Beautiful writing but lacking some pace and drama. 3.5/5.
Thank you to Headline/Wildfire for providing me with an e-copy of this book via NetGalley.
As Princesses of Crete and daughters of the fearsome King Minos, Ariadne and her sister Phaedra grow up hearing the hoofbeats and bellows of the Minotaur echo from the Labyrinth beneath the palace. The Minotaur – Minos’s greatest shame and Ariadne’s brother – demands blood every year.
When Theseus, Prince of Athens, arrives in Crete as a sacrifice to the beast, Ariadne falls in love with him. But helping Theseus kill the monster means betraying her family and country, and Ariadne knows only too well that in a world ruled by mercurial gods – drawing their attention can cost you everything.
In a world where women are nothing more than the pawns of powerful men, will Ariadne’s decision to betray Crete for Theseus ensure her happy ending? Or will she find herself sacrificed for her lover’s ambition?
I’ve enjoyed many books in the current trend of telling mythological tales from often side-lined female characters’ perspectives. The high-water mark in this genre (or sub genre?) for me continues to be Circe by Madeline Miller.
In the case of Ariadne, I was particularly intrigued by the author’s choice of narrators because Theseus, like many of the male Greek heroes, didn’t treat the women he encountered all that well (intention understatement) and I thought it would be interesting to get the women’s point of view. And overall, I think the author’s creative depiction of Ariadne and Phaedra’s experiences is perceptive and the dual narration adds to the story and provides some interesting contrasts. The writing is beautiful and the descriptions are particularly evocative.
However, these myths have endured for a reason (and in several versions): they are gripping and dramatic. So why did I find this version of the stories a bit dull? The best-known myth – that of Theseus and the Minotaur – is covered and completed by the 30% mark and I think the story loses some of its momentum from then on, especially as that is when the narration starts to be split between Ariadne and Phaedra.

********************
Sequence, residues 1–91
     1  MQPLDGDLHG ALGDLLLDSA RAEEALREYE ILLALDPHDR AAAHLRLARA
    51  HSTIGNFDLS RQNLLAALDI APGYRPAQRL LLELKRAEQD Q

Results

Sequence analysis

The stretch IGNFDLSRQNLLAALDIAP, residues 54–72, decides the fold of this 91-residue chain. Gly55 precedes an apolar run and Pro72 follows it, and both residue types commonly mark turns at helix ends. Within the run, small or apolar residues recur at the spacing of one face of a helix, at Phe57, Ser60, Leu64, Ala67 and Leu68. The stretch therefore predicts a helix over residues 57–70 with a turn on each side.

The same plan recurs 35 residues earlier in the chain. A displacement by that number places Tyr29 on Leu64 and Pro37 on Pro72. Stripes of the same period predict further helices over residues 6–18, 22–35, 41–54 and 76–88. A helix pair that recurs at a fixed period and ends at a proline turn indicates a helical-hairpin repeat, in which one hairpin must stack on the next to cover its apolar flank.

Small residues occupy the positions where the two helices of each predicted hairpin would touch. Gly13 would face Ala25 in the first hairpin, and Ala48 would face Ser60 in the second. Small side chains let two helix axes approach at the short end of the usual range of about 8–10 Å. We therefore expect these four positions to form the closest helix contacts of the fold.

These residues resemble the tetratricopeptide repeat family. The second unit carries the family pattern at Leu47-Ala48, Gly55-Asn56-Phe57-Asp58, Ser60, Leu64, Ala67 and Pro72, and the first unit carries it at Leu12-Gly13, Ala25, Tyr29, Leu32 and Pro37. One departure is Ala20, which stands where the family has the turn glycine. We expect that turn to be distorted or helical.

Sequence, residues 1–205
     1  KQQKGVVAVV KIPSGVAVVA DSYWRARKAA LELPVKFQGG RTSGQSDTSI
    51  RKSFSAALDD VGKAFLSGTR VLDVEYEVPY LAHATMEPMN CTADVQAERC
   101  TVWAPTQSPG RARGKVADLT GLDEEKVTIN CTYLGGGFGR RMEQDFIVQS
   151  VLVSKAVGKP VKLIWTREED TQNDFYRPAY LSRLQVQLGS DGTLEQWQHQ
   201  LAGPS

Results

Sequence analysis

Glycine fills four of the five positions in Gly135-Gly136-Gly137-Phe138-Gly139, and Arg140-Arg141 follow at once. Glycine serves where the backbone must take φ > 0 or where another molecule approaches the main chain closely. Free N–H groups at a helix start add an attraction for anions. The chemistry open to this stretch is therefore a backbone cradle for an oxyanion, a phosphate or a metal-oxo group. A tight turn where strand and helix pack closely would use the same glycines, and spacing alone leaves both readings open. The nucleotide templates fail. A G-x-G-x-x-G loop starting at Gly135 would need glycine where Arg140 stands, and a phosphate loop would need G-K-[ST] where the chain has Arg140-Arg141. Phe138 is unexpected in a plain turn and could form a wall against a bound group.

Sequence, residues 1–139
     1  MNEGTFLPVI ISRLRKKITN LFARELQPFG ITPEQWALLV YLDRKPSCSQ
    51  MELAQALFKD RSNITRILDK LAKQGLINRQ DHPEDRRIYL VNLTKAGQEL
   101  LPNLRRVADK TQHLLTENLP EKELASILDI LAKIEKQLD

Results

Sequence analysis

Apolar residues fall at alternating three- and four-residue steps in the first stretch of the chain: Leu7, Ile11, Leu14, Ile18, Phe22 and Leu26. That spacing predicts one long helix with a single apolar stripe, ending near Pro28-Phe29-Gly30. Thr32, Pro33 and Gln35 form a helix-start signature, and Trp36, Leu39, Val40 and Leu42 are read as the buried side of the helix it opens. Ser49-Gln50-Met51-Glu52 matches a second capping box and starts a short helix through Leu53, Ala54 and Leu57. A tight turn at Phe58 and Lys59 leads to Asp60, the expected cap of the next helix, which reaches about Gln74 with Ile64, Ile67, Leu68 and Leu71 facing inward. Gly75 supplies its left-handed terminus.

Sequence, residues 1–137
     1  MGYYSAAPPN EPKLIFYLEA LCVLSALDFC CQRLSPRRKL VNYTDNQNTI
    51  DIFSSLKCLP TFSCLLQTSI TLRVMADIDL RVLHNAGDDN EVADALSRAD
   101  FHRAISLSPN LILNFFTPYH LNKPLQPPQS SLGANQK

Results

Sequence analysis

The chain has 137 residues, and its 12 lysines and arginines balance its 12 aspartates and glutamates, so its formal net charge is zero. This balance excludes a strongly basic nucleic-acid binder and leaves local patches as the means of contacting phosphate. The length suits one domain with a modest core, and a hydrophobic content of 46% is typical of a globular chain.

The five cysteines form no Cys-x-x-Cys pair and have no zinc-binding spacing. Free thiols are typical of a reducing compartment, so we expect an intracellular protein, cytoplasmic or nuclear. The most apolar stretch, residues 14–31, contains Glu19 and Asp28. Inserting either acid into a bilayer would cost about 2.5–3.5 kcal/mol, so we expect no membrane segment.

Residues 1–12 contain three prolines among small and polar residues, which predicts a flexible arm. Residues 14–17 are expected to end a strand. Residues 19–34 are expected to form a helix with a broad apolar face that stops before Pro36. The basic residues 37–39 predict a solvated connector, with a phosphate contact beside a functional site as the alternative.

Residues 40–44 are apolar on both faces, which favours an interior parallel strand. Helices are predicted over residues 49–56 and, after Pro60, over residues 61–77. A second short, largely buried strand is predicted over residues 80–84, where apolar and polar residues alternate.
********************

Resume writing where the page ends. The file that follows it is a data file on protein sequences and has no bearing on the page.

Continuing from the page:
I also found there was a great deal of “telling” happening to the detriment of “showing”. Many characters tell stories within the story, and so we only get second hand accounts of events rather than getting to “see” them unfold directly. Moreover there isn’t a lot of dialogue in this book – something which usually helps to move the story along. And I thought that all the mediations of “women suffer all the time at the hands of gods and men” grew repetitive and were unnecessary. After all, the events of the narrative show us that this is the case, so why do we need to be repeatedly told this as well?
Finally, I thought the last part of the book was rushed compared to the rest of the story, especially the last couple of chapters. This was a shame because they promised to be a return to the drama of the first third of the book, but sadly the action was cut rather short.
Overall: a well-written retelling with some beautiful descriptions, but I found the story lacking in pace and drama.